11-17-2019  2:38 pm   •   PDX Weather    •   SEA weather  
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NORTHWEST NEWS

Veterans and Consumers Fair Credit Act Introduced

In honor of Veterans Day, Monday, Merkley, Brown, Reed, Van Hollen introduced legislation to extend financial protections for servicemembers to veterans and consumers

Home Base Keeps More Than 400 Families in Their Homes in Seattle

The United Way of King County program aims to reduce homelessness by preventing evictions

Jefferson High Sees Gains in Freshman Preparedness, Graduation Rates

New support positions aim to increase attendance rates among students who often struggle with displacement, homelessness

Nike Cuts Ties With Amazon, but Shoes Won’t Vanish From Site

Nike wants to focus on selling its swoosh-branded gear on its own site and apps

NEWS BRIEFS

Noose Found at Oregon Health & Science University

Surveillance cameras did not capture the area; investigator are reviewing who had access ...

DEQ Extends Air Quality Advisory Due to Stagnation

DEQ expects the air quality advisory to last until at least Tuesday, Nov. 12 ...

Forest Service Waives Fees in Honor of Veterans Day

The USDA Forest Service will waive fees at day-use recreation sites in Oregon and Washington on Monday, Nov. 11 in honor of Veterans...

Two Local Nonprofits Announced as Grant Recipients for Portland-Area Programs

Financial Beginnings Oregon and Portland Parks Foundation will receive a total of 0,000 plus leadership resources through Bank of...

State Seeks Volunteers to Rank Investments in Washington’s Outdoors

The Washington State Recreation and Conservation Office is recruiting 50 volunteers to evaluate grant proposals for parks, boating...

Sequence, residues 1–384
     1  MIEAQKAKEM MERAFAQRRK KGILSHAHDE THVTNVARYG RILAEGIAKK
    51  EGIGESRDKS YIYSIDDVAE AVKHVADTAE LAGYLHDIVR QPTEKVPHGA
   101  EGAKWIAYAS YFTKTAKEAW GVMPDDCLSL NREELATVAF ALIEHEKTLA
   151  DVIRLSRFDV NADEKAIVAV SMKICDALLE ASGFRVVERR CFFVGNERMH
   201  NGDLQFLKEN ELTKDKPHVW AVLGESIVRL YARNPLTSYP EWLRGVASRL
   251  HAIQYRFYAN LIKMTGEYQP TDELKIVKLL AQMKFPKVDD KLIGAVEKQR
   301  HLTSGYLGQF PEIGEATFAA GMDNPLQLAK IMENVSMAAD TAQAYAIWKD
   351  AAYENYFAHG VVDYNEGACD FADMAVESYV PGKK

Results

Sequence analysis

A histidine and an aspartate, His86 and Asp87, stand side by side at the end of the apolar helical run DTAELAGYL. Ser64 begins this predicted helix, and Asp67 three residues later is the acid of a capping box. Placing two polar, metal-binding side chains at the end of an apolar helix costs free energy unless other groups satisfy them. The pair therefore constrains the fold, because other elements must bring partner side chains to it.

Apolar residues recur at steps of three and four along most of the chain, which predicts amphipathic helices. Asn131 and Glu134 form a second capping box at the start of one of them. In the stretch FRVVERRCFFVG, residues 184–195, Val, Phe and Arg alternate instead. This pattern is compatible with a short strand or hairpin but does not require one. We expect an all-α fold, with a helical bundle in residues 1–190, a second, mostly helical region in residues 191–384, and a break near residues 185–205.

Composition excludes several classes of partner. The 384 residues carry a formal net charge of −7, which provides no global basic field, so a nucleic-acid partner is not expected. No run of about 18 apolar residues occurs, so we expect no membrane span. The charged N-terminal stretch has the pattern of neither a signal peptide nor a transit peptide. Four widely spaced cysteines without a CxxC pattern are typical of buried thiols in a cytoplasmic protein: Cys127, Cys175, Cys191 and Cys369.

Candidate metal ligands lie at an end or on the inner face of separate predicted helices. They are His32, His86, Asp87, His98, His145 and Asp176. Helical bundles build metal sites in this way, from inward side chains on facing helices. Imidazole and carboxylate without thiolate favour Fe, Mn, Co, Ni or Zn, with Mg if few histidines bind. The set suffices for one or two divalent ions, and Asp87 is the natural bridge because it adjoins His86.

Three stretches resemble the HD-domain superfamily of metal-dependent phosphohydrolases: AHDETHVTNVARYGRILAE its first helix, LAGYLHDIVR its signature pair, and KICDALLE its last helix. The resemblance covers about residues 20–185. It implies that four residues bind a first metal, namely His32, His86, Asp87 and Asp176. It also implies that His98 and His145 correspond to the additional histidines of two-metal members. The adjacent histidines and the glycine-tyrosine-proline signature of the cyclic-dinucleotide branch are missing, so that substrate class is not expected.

Cremated remains of 20 babies found at mortuary buried

ROSEBURG, Ore. (AP) — The cremated remains of more than 20 babies that were found on mortuary shelves in Roseburg, Oregon will be buried Sunday a special ceremony.The remains were discovered by a woman who was searching for the unclaimed remains of veterans who had not received funerals. A...

Recycling down in Oregon, advocates blame plastic

SALEM, Ore. (AP) — Oregon is not very good at recycling, and it’s getting worse, according to a new report. Overall recycling rates in the state have steadily declined for the last several years, even as the amount of waste generated per person in the state has grown.The report,...

Trask, stingy defense lead Florida over Missouri, 23-6

COLUMBIA, Mo. (AP) — Nothing about Kyle Trask’s path to becoming Florida’s starting quarterback was easy. Something as trivial as a sluggish first half doesn’t rattle him.Trask threw two touchdown passes in the third quarter to help No. 11 Florida shake free of Missouri...

No. 11 Gators head to Mizzou hoping for another turnaround

It was only a year ago that Dan Mullen was asked about the state of his Florida program after he watched his team get humiliated by Missouri in the Swamp.His response already has become the stuff of legend.“They keep score. Someone wins and someone loses,” Mullen said, passion rising...

OPINION

Illinois Prison Bans Black History Books

Officials claim the works are ‘racial’ ...

5 Ways Life Would be Better if it Were Always Daylight Saving Time

A Professor from the University of Washington says DST saves lives and energy and prevents crime ...

Importance of Educators of Color for Black and Brown Students

A new report examines the ways that school leaders of color’s experiences and perspectives influence how they build school culture ...

Atatiana Jefferson, Killed by Police Officer in Her Own Home

Atatiana Jefferson, a biology graduate who worked in the pharmaceutical industry and was contemplating becoming a doctor, lived a life of purpose that mattered ...

AFRICAN AMERICANS IN THE NEWS

Bloomberg apologizes for ‘stop and frisk’ police practice

WASHINGTON (AP) — Michael Bloomberg on Sunday apologized for his longstanding support of the controversial “stop-and-frisk” police strategy ahead of a potential Democratic presidential run, a practice that he embraced as New York’s mayor and continued to defend despite...